eenjoy social networking but not at the expense of your own security. Know some important things you should never post on social networking sites.
So here are some points to keep in mind. What is not allowed to post on Facebook?
1). Your Place and Date of Birth:
While it may be nice to hear from Facebook well-wishers on your birthday, you should think twice before posting your full birthday. Beth Givens, executive director of Privacy Rights Clearinghouserecommend that disclosing your exact date of birth and your place of birth is like leaving your financial security to thieves. Furthermore Carnegie Mellon researchers recently have found that they can reconstruct a social security number using a person’s date of birth and place of birth.
Instead of erasing your birthday entirely, you can enter a date that is only a few days away from your actual birthday.
2). Your Mother’s Maiden Name:
“Your mother’s maiden name is invaluable information, not least because it is often the answer to security questions on many websites,” he wrote. New York Time. Credit card companies, your wireless service provider, and many other companies often rely on this tidbit to protect your personal information.
3). Your Home Address :
Publishing your home address allows everyone and anyone with whom you share the information to see where you live, from your ex to your employer. Opening up in this way can have negative repercussions: for example, there are instances where thieves have used Facebook to target users who said they were not at home.
4). Your Long Journey Away From Home:
Don’t post status updates mentioning when you’ll be away from home,recommendNew York Time columnist Ron Lieber. When you broadcast a vacation date, you might be telling untrustworthy Facebook “friends” that your house is empty and unattended. “[R]remind ‘friends’ that you have an alarm or guard dog,” wrote Lieber.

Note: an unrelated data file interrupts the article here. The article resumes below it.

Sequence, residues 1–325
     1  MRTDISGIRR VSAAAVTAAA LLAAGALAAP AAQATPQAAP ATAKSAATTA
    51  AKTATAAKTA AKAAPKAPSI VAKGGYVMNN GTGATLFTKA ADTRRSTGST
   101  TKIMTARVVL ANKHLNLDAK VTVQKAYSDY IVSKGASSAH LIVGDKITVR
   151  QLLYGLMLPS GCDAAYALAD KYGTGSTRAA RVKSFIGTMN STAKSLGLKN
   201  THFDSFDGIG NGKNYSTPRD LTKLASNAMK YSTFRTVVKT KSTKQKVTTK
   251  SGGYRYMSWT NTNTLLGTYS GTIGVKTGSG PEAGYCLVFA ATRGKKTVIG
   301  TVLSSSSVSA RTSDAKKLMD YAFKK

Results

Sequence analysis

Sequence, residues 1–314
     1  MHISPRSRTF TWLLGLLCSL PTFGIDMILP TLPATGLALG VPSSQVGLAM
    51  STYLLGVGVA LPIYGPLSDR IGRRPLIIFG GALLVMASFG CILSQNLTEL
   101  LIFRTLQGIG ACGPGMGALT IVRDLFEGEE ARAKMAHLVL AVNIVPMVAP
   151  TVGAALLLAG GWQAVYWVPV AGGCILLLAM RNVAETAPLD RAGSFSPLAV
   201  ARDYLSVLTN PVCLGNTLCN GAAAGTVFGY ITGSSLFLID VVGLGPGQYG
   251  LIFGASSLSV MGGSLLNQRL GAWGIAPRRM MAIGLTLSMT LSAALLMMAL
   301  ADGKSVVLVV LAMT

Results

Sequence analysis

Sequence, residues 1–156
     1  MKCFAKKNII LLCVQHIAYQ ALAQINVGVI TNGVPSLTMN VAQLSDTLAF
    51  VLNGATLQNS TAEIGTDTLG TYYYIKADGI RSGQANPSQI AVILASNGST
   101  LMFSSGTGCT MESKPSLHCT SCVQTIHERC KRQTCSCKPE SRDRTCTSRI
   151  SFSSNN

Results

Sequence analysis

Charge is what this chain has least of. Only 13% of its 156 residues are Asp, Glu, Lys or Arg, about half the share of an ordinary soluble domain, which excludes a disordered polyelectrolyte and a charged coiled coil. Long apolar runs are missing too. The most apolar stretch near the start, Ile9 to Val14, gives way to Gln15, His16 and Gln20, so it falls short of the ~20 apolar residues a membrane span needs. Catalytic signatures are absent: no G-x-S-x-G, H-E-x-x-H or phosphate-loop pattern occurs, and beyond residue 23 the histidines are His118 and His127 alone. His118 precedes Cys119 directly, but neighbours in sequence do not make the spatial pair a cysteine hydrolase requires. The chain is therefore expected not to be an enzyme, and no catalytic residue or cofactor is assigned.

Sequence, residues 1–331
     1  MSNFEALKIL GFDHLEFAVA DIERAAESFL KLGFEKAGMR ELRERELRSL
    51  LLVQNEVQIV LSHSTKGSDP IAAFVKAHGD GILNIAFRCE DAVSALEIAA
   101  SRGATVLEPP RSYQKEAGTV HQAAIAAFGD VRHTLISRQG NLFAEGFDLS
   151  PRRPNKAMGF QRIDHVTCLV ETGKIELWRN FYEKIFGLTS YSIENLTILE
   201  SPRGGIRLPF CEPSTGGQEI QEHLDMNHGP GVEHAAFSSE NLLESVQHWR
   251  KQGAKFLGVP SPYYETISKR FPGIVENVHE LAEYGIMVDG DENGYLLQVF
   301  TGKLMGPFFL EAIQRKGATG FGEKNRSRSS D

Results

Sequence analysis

5). Your Short Trip Away From Home :
While new features like Facebook Places encourage you to check-in on your trip and broadcast your location (whether in a restaurant, park, or store), you might think twice before even sharing information about shorter departures from your home. “Don’t post messages like ‘out for a run’ or ‘shopping at the mall for my love,’” 911 Identity Theft warning. “Thieves can use that information to physically break into your home.”
6). Your phone number :
Pay attention to where you post your phone number. Include it on your profile and, depending on your privacy settings, even your most distant Facebook “friends” (think exes, elementary school contacts, friends of friends) might be able to access it and give you a ring. Sharing it with Facebook Pages can also get you into trouble. Developer Tom Scott created an app called Crime which displays a phone number published anywhere on Facebook. According to Scott, “There are tons of groups on Facebook called ‘lost my phone!!!!! need your number!!!!!’ […] Most are marked as ‘public’, and many people don’t understand what that means in the context of Facebook — to Facebook, ‘public’ means everyone in the world, whether they’re a member of Facebook or not.”
7). Your Child’s Name :
Identity thieves also target children. “Don’t use the child’s name in the photo tag or description,” write Consumer reports. “If someone else did, remove it by clicking Remove Tag. If your child isn’t on Facebook and someone includes their name in the description, ask that person to remove their name.”
8). Your Profile In General Search :
Do you want your Facebook profile – even simple information like your gender, name and profile picture – to show up in Google searches? Otherwise, you should block your profile from showing up in search engine results. Consumer reports recommend that doing so will “help prevent strangers from accessing your page”. To change these privacy settings, go to Privacy Settings under Account, then Share on Facebook.
Source : The Huffington Post